DIY Oval Window Shade

An oval window lends a distinctive look.
An oval window lends a distinctive look. (Image: Hemera Technologies/ Images)

An oval window adds architectural interest that is unmatched by other window shapes. It is rare, and its inclusion in the facade of a home suggests individualism, but it is in the treatment of the window that the design savvy of the homeowner shines. Each oval window requires a custom-made shade specific to its size. An advanced-level home decor sewer, experienced in the construction of Roman shades, can use a few drapery workroom tricks to make a modified Roman shade that is both functional and adaptable to her decor style. It is important to remember that an oval shade will not draw up past the widest width of the oval.

Things You'll Need

  • Tape measure
  • Template paper
  • Scissors
  • Shade fabric
  • Straight pins
  • Sewing machine
  • Matching thread
  • Weighted cord
  • Roman shade lift rings
  • Eye-screws
  • Lift cord
  • Stapler
  • Cord cleat

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Make a template of the inside of the window frame of the window.

Measure the template and note the length and width.

Cut the fabric for the shade 2 inches longer than the length of the template and 10 inches wider than the width of the template.

Fold the fabric, right sides together, along the center length. Sew from the top of the fabric to the bottom, 4 inches from the folded edge.

Lay the fabric on the table, right side to the table, and force the center fold down toward the sewn seam. The excess fabric will fall away to each side, creating an inverted pleat that is 4 inches wide. Press this pleat flat and pin it in place along each folded edge. Lay the template on the fabric and cut around it, adding 2 inches all around for seam allowances. Pin the pleat in place along the cut edge around the top of the shade.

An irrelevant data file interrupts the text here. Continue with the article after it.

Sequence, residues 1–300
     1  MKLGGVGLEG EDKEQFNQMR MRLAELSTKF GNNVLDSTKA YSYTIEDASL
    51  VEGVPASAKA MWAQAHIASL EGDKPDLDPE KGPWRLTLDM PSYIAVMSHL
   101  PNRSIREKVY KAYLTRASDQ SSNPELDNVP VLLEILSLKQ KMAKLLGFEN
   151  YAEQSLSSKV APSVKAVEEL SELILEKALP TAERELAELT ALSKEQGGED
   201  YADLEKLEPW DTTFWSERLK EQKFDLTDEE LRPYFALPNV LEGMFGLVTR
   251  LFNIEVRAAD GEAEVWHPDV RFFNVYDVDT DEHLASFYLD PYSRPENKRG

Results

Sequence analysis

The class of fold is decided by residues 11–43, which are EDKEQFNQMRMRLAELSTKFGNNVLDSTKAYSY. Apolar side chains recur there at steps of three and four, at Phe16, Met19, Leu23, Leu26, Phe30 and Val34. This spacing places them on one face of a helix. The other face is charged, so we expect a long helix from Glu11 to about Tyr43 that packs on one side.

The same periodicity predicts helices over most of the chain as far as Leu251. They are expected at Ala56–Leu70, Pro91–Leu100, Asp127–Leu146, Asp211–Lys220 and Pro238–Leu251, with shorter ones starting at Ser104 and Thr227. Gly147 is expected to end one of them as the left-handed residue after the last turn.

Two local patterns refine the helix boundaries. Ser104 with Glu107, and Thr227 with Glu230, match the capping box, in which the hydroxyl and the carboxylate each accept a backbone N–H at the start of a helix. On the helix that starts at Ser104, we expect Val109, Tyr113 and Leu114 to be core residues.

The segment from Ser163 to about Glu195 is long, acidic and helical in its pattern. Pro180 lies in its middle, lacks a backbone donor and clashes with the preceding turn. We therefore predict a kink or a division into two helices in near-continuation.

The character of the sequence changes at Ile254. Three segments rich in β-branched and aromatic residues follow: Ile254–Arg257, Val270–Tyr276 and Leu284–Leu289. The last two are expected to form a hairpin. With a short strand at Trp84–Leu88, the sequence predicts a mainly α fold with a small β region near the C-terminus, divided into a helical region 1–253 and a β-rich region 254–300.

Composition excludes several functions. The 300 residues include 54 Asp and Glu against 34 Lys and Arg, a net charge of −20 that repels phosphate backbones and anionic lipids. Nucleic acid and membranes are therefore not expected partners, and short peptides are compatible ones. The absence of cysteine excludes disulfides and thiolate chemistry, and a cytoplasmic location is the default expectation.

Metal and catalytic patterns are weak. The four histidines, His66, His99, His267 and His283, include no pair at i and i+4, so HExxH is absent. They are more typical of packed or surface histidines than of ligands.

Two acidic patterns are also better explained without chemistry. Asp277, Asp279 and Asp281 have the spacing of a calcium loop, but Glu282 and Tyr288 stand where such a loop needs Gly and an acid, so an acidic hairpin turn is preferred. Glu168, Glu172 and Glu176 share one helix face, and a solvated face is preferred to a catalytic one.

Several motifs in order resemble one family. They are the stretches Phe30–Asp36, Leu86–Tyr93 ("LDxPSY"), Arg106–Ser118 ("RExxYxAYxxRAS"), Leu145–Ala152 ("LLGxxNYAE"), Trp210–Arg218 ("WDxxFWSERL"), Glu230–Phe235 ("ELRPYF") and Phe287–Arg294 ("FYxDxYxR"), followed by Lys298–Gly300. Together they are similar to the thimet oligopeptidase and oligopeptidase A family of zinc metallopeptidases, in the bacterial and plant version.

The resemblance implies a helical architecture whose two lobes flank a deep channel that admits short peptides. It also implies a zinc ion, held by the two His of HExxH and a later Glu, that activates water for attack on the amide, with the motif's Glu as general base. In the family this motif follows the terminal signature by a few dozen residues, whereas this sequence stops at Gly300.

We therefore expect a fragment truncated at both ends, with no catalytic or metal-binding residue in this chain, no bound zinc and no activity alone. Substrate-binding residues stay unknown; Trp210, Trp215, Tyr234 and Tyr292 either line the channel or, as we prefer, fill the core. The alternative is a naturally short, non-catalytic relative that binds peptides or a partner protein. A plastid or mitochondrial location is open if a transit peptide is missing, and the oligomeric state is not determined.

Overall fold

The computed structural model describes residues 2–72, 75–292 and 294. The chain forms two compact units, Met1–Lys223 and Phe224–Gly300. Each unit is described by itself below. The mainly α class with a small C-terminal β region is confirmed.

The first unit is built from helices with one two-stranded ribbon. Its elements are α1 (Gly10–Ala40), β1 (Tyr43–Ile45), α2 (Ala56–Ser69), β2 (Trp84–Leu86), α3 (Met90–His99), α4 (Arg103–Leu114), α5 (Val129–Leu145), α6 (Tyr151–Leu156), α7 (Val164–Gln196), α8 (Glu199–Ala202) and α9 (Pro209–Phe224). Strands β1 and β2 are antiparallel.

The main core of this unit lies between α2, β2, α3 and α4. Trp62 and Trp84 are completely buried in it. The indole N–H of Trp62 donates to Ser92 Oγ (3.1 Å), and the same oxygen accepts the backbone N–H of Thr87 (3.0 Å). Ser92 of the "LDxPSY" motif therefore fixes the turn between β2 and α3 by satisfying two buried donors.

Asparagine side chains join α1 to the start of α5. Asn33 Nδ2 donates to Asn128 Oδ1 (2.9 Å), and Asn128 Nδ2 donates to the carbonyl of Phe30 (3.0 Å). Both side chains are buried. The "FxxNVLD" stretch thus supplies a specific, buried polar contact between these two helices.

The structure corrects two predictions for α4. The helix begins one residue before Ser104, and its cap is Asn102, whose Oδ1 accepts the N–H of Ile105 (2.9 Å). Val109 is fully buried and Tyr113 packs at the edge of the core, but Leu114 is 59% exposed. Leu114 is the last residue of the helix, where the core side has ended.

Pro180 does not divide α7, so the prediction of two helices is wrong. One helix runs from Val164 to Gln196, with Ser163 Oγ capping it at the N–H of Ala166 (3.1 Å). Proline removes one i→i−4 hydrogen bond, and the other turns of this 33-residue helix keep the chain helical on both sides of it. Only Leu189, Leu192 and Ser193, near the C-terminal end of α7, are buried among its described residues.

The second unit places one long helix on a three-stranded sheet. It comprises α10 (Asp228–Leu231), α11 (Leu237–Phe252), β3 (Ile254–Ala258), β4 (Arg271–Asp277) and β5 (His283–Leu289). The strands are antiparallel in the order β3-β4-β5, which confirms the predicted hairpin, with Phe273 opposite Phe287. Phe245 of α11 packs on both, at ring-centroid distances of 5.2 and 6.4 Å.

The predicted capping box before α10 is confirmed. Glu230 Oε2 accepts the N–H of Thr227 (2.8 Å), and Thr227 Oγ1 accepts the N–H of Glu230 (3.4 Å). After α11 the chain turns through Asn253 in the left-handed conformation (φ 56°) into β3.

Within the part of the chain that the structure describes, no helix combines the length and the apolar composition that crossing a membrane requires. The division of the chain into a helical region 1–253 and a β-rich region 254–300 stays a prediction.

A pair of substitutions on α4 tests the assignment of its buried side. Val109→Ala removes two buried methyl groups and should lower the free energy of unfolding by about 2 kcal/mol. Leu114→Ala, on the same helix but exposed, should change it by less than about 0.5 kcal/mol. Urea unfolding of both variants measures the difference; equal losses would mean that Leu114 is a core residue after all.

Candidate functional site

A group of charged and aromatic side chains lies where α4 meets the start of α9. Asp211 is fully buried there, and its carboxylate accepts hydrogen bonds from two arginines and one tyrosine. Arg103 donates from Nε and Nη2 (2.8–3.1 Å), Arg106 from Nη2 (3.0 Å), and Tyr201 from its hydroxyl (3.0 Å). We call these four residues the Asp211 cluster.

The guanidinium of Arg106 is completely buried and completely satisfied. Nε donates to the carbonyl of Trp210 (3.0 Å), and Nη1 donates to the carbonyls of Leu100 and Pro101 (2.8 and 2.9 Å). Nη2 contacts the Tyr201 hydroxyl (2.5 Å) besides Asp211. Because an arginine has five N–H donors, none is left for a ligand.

Fold the shade in half, horizontally. Place a pin in the fold at each outside edge.

Make a 1-inch snip, from the outside edge toward the center of the shade at each pin location. Use sharp-tipped fabric scissors. Below this snip and around to the snip on the other side of the shade is the bottom of the shade. Above this snip is the top of the shade. Finish the cut edges of the shade with a zigzag stitch, or with serging, around the top half of the shade.

Remove the stitches and pins that hold the pleat in place. Finish the bottom edge with a zigzag or serged finish. Turn the bottom hem up 1 inch and stitch close to the finished edge, from the snip on one side to the snip on the other.

Insert weighted chain in the bottom hem and hand-stitch it in place at each end. Turn the top hem over 1 inch, toward the back of the shade, and press to create the stapling allowance fold. Sew lift rings along the center of the back of the pleat, starting at the bottom hem and placing a ring every 4 inches to within 4 inches of the top of the pleat.

Match the center of the window frame to the pleat center. Place the right side of the fabric against the inside of the window frame and staple on the stapling allowance fold from the center to the end of the stapling allowance on one side, then from the center to the other side.

Insert an eye-screw through the fabric of the shade, up into the window frame, at the top and center of the oval. This eye-screw lines up with the lift rings sewn on the back of the shade. Insert eye-screws every 2 inches along the frame to one side edge of the oval. These eye-screws carry the lift cord to the outside edge of the shade.

Tie a lift cord to the bottom ring on the shade, thread it up and through all the rings on the shade, into the corresponding ring inserted into the window frame and through the eye-screws to the outside edge.

Pull the lift cord to raise the shade. Attach a cord cleat to the wall to anchor the lift cord and hold the shade in place when it is open.

Tips & Warnings

  • Weighted cord is a knit cord filled with weighted beads, used to weight the bottom hem of sheer drapes. It is available in most home-decor sewing stores.
  • Lift cord can be any knit drapery cord and is available in most home-decor sewing stores.
  • Do not hang corded shades in any area accessible by children and ensure that the cord cleat is also out of their reach.
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